Chicago Bears select Jon Bostic 50th overall
- Updated: April 26, 2013
With the 50th pick in the 2013 NFL draft, the Chicago Bears selected linebacker Jon Bostic from the University of Florida. Let’s take a moment to get to know the newest Bear and see how he fits on the roster.
Bostic was a highly recruited linebacker out of high school who saw significant playing time all four years in college at a major program. He led a fearsome defense in 2012 that carried the Florida Gators to a BCS bowl. Bostic has led his team in tackles each of the last two years, totaling six sacks and 16.5 tackles for loss over those two seasons.
How he fits in
After the departures of starting linebackers Nick Roach and Brian Urlacher, Jon Bostic fills an obvious hole for the Bears. He will compete with veteran acquisitions D.J. Williams and James Anderson for a starting spot in 2013, and will hopefully be a starting linebacker for years to come. Bostic seems like the likely heir apparent to former face of the franchise Brian Urlacher. Bostic possesses the good coverage skills the Bears like in a middle linebacker, as he notched five interceptions in 2012.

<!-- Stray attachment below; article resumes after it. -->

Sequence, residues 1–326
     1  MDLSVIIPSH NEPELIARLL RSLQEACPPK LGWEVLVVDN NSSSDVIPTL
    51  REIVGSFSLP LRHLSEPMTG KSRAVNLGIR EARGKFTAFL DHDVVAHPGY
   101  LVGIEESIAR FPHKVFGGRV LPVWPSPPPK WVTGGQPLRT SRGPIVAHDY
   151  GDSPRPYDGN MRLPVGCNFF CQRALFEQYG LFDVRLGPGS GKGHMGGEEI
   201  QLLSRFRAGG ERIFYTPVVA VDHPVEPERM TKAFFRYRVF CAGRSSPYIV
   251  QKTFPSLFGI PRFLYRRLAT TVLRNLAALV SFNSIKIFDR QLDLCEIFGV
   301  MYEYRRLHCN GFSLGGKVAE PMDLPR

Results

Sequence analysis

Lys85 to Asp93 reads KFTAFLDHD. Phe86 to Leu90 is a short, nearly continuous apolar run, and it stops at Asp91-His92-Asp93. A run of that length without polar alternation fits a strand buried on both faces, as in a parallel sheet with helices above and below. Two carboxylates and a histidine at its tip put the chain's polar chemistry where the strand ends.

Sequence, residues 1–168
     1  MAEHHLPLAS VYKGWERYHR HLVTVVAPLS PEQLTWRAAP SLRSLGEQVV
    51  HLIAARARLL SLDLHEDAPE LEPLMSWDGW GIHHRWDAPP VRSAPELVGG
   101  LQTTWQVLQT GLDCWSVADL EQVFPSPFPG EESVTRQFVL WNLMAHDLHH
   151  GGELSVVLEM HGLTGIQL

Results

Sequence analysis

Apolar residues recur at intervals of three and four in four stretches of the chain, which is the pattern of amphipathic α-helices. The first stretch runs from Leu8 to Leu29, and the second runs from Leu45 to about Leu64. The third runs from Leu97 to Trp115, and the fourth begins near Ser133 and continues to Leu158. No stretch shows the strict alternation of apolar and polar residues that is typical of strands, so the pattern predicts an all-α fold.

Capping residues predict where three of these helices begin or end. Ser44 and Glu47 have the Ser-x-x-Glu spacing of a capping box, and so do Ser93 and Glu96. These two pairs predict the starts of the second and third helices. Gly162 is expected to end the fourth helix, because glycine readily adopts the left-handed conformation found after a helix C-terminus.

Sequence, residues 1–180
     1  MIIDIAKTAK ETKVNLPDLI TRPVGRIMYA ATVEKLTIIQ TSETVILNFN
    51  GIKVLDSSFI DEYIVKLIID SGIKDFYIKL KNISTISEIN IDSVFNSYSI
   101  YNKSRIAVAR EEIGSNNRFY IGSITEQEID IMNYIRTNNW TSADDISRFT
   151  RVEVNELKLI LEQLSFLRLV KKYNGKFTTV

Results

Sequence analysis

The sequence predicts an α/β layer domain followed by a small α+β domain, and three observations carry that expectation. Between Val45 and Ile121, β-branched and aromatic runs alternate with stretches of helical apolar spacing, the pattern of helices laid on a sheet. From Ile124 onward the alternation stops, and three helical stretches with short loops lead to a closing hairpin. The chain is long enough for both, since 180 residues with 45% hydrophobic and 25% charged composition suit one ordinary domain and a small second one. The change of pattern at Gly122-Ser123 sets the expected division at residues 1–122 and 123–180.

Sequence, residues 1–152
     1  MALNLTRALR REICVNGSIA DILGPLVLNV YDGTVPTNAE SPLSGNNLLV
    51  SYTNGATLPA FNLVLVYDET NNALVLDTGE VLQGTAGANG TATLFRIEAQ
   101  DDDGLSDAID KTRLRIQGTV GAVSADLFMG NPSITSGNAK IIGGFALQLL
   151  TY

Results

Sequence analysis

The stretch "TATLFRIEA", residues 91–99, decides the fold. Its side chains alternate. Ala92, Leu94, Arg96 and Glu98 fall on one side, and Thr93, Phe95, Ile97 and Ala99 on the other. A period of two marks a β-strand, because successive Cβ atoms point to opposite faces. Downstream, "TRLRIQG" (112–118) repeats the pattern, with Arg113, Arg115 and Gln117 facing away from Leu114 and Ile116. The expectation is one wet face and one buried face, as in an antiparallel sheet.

Bostic definitely fills a position of need for the Bears, but again I feel they passed on the best player at the position. Arthur Brown seems like the smarter pick here to me, but Bostic should be a solid player, and he is bigger than Brown, which will enable him to play middle linebacker.
Regardless, it’s hard to hate this pick. Bostic is a plug-and-play guy who fills a hole for the Bears and should make their defense better in 2013.
OK...call me racist, but these make believe names has really gone beyond stupid! Not foriegn names...I get that...different cultures. In fact in most countries on every continent of every color there is a register of names allowed and you can petition to add one. But these names get more and more moronic. Compound that with crazy spelling (ignorant misspelling?) of real names. These guys are lucky they have athletic gifts because I have never meet a professional...doctor, lawyer, accountant, CEO named Beminkwa or Shamarko.
@reggiesnodeuce very great pick...
@tmonson78 Excellent. I will get it up later this afternoon so that it can be the featured article the rest of the weekend.